Nov. 6 (UPI) -- U.S. Secretary of State Antony Blinken traveled to Turkey on Monday in his continued campaign to keep the Israel-Gaza conflict from spreading to a regional battle.
Blinken touched down in Turkey Sunday night ahead of meetings with Turkish leaders at what he called a "consequential time for stability and security in the region."
"I will meet with government leaders as we seek to prevent the spread of conflict in Gaza and find ways to increase the flow of humanitarian assistance," he said.
The State Department said that Blinken met with Turkish Foreign Minister Hakan Fidan and both sides agreed on "the critical importance of protecting civilians and ensuring humanitarian assistance reaches civilians in Gaza" while also emphasizing the importance of U.S.-Turkish relations.
The pair met for about two and half hours, according to Turkey's Anadolu Agency.
The Youth Union of Turkey, angered by the United States' support of Israel, protested Blinken's visit outside the Turkish Foreign Ministry building, waving Palestinian and Turkish flags.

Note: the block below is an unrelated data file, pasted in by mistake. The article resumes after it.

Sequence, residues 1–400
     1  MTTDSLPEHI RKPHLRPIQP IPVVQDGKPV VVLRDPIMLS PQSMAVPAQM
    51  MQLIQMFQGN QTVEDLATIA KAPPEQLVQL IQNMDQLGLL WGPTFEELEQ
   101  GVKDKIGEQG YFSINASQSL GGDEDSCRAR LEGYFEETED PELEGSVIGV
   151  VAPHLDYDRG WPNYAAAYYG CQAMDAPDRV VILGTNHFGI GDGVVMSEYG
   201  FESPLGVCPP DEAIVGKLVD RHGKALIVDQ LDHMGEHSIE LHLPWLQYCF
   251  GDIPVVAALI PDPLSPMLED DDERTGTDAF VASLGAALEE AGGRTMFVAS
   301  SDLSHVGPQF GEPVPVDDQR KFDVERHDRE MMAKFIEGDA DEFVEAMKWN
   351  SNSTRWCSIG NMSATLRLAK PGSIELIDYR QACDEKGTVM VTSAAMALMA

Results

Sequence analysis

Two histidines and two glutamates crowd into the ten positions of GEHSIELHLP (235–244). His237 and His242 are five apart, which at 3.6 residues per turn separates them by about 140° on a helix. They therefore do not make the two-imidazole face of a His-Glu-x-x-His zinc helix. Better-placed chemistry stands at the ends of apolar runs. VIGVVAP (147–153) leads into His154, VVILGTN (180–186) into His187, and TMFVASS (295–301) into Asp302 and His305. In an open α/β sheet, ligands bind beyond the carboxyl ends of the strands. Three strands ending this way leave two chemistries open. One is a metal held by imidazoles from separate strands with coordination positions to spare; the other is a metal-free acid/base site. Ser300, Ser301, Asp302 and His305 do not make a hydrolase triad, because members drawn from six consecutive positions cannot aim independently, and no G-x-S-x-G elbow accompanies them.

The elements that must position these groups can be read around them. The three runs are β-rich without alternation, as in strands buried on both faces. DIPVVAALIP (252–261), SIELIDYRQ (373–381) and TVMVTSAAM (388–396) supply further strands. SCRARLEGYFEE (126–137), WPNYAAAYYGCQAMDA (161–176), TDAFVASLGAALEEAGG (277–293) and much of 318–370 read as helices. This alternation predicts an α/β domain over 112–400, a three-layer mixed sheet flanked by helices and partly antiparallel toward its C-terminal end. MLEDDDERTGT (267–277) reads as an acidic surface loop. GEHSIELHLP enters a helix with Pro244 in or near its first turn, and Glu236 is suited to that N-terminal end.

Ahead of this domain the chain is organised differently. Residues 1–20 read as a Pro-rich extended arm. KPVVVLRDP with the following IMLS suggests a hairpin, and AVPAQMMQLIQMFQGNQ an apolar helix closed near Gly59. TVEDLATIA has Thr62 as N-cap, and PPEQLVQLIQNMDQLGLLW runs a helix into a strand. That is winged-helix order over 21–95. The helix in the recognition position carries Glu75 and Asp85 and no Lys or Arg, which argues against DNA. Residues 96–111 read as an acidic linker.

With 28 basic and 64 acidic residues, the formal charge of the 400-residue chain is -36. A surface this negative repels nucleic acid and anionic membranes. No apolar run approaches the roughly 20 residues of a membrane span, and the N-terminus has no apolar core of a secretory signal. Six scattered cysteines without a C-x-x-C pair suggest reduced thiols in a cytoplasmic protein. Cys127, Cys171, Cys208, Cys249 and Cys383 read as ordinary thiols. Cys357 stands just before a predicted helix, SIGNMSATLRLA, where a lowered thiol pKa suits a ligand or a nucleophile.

Turkish President Recep Tayyip Erdogan did not meet with Blinken, as officials said he was visiting family in his hometown of Rize.
Over the weekend, Erdogan condemned Israel's continued bombardment of Gaza and suspended talks it had planned with Israeli Prime Minister Benjamin Netanyahu.
The Turkish nongovernmental organization Humanitarian Relief Foundation staged a protest outside the southern Incirlik Air Base, where U.S. troops are located, on Sunday. Protesters were met with water cannons and police in riot gear when they tried to storm the air base.
Before arriving in Turkey, Blinken made an unannounced trip to the Israeli-occupied West Bank on Sunday to meet with Palestinian President Mahmoud Abbas and other Palestinian leaders.
Blinken spoke with Abbas about the efforts to reduce civilian casualties, get more humanitarian aid into the area, and "efforts to restore calm and stability in the West Bank, including the need to stop extremist violence against Palestinians and hold those accountable responsible," according to a State Department meeting readout.